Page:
Nevertheless, public companies may choose to report their
business ethics and conduct as a separate report to their
shareholders or as part of their regular filings with the SEC.
Hint: Look for survey conducted by the Ethics and Compliance
Officer Association (ECOA) and salary.com (2006)

Financial Reporting Integrity


Framework for Reporting with Integrity

Conclusion
Ethics are broadly described in the literature as moral
principles about right and wrong, honorable behavior
reflecting values, or standards of conduct. Honesty, openness,
responsiveness, accountability, due diligence, and fairness
are the core ethical principles.
Business ethics are a specialized study of moral right and
wrong.
An appropriate code of ethics that sets the right tone at the
top of promoting ethical and professional conduct and
establishing the moral structure for the entire organization is
the backbone of effective corporate governance.
SEC rules require public companies to report significant
amendments or any waiver affecting specified officers
pursuant to the filing of their first annual report on their code
of ethics.

Conclusion
Corporate culture and compliance rules should provide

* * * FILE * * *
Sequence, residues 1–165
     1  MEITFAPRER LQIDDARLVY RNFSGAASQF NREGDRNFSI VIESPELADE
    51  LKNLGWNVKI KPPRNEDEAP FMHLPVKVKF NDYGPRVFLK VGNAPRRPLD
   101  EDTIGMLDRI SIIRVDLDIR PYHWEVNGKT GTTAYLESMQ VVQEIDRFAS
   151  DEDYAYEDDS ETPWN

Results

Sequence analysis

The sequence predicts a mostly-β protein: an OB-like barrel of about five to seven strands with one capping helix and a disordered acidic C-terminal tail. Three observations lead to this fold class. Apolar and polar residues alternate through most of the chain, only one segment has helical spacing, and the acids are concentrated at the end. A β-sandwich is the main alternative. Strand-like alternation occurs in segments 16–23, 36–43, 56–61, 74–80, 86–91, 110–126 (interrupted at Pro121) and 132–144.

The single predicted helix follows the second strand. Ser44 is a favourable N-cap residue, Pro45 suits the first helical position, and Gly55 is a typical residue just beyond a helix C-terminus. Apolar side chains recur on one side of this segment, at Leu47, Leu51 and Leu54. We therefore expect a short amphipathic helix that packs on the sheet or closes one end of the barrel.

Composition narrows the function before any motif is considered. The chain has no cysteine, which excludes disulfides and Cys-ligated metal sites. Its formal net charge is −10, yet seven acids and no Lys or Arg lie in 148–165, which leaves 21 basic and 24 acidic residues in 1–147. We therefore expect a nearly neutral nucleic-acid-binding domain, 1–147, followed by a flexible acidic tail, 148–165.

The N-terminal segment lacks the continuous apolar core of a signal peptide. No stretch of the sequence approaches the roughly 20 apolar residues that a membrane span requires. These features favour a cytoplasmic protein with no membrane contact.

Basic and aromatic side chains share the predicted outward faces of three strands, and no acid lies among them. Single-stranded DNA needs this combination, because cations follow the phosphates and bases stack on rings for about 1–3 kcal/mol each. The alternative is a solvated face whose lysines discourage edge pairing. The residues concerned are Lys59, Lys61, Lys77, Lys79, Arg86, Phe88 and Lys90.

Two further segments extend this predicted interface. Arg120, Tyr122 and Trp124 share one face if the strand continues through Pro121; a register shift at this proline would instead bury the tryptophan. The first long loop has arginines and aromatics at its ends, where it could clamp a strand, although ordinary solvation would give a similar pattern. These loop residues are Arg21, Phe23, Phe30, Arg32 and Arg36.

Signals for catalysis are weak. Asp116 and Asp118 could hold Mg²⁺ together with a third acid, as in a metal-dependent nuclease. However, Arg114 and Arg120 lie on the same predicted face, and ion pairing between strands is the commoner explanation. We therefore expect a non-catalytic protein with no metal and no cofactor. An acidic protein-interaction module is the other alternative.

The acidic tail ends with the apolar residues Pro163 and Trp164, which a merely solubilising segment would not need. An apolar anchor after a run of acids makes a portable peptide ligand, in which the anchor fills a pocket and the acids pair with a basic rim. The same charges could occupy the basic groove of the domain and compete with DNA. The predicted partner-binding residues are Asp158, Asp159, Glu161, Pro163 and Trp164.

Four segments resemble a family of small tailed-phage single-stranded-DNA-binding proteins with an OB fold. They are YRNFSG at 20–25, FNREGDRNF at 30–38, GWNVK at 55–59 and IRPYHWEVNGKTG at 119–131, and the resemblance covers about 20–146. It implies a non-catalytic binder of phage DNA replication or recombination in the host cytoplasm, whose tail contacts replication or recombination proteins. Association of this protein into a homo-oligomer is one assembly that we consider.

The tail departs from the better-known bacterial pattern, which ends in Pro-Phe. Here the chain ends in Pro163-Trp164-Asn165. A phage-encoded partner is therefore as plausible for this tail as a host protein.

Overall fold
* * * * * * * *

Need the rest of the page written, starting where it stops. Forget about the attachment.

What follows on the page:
incentives and opportunities for the majority of ethical
individuals to maintain their honesty and integrity, and provide
measures for the minority of unethical individuals to be
monitored, punished, and corrected for their unethical
conduct.
Attributes of an ethical corporate culture or an integritybased culture are sense of employee responsibility, freedom
to raise concerns, managers modeling ethical behavior and
expressing the importance of integrity.
The companys directors and executives should demonstrate,
through their actions as well as their policies, a firm
commitment to ethical behavior throughout the company and
a culture of trust within the company. Although a right tone
at the top is very important in promoting an ethical culture,
actions often speak louder than words.